On July 14, 1992, both petitioners met with and were interviewed by two special agents from the IRS. During this interview, Mr. Bacon told the agents that petitioners and their children had received extensive cash gifts from Mr. Bacon's grandfather in $10,000 cash increments. According to Mr. Bacon, he received a $10,000 cash gift each year since his 18th birthday, his wife received an annual $10,000 cash gift since they have been married, and their children each received an annual $10,000 cash gift since their birth. Mr. Bacon told respondent's agents that the gifts were from his grandfather and were received through a brother-in-law and that neither petitioners nor their children had ever met their grandfather. Mr. Bacon told the agents that he was told never to tell anyone about the gifts and never to put the money in a bank. Mr. Bacon told the special agents that he may have had as much as $650,000 cash on hand at the beginning of 1988. At trial, petitioners stipulated that at the beginning of 1988, they had approximately $35,000 cash on hand. During the years in issue, petitioners did not receive any gifts, inheritances, legacies, or devises.

OPINION

I. Unreported Income

Respondent determined deficiencies for the years in issue by using the bank deposit method. Bank deposits are prima facie evidence of income. See DiLeo v. Commissioner [Dec. 47,423], 96 T.C. 858, 869 (1991), affd. [92-1 USTC ╤ 50,197] 959 F.2d 16 (2d Cir. 1992). Of course, when utilizing this method, all nontaxable sources of deposits must be taken into account. See id. Under the bank deposits method: (1) Bank deposits are totaled; (2) nonincome deposits, redeposits, or transfers are eliminated; (3) an excess of deposits, as adjusted, over reported income is considered to be unreported income; (4) cash expenditures that did not come from deposited funds or nontaxable sources are added to the amount of underreported income; and (5) deductible expenses not accounted for in the taxpayer's return are allowed. 11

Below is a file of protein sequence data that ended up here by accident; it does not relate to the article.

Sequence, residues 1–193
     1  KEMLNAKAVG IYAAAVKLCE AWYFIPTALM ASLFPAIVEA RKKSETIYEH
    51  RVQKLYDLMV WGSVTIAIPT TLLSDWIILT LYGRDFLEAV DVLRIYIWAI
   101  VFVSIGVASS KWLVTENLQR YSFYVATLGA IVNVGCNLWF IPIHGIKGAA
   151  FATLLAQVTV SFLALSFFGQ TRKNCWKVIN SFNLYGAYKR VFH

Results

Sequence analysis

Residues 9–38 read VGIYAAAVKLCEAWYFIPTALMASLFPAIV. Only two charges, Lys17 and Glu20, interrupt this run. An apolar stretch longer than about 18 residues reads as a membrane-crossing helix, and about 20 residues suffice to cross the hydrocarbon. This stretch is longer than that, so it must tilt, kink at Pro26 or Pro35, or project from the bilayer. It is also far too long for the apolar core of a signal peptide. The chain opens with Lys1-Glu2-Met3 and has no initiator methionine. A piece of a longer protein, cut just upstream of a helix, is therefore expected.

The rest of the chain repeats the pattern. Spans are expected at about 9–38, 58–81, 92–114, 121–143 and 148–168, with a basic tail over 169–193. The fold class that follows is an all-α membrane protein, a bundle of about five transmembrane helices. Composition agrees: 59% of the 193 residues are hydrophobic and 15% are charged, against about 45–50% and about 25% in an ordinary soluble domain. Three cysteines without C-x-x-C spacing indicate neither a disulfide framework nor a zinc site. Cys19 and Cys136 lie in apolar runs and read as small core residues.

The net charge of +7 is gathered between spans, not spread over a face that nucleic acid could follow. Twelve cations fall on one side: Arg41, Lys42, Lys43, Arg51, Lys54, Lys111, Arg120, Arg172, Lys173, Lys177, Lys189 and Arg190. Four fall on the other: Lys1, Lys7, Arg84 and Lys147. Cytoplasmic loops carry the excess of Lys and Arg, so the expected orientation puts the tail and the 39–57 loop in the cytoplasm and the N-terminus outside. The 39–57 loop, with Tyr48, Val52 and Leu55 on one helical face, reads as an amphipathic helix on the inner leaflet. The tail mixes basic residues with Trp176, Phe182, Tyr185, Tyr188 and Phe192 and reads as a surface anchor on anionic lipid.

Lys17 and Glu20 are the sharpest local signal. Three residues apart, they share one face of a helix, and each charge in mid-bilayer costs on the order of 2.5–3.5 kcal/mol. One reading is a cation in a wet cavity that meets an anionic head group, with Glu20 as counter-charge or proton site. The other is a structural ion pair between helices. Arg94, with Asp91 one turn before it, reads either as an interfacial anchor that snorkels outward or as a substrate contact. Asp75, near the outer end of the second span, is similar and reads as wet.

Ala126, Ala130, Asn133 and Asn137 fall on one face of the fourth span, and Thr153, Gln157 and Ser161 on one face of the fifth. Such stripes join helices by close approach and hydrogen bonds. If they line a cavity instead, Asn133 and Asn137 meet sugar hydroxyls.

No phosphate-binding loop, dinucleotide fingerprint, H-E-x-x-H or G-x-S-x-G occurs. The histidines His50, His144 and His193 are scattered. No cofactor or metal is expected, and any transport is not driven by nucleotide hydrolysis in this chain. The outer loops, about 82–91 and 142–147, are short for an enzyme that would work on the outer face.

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11 Petitioners have not claimed deductions in addition to what respondent has allowed.

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Using the bank deposit method, respondent determined in the notice of deficiency that petitioners understated their income for the years 1988 through 1991 in the following amounts:

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1 See appendix D for details of computations.

2 See appendix E for details of computations.

3 See appendix F for details of computations.

4 See appendix G for details of computations.

The parties have stipulated that if a bank deposit analysis is to be used, then the following adjustments must be made to respondent's bank deposit analysis in the notice of deficiency: 12

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12 See appendix H for details of these adjustments.

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1 Items that reduce petitioners' taxable income. The parties have stipulated that these adjustments to respondent's bank deposit analysis are proper.

2 Including personal items paid by corporation.

3 Items that increase petitioners' taxable income. The parties have stipulated that these adjustments to respondent's bank deposit analysis are proper.

Respondent has submitted schedules with his brief that show petitioners' unreported income for the years in issue is as follows:

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1 See appendix I for details.

2 See appendix J for details.

3 See appendix K for details.

4 See appendix L for details.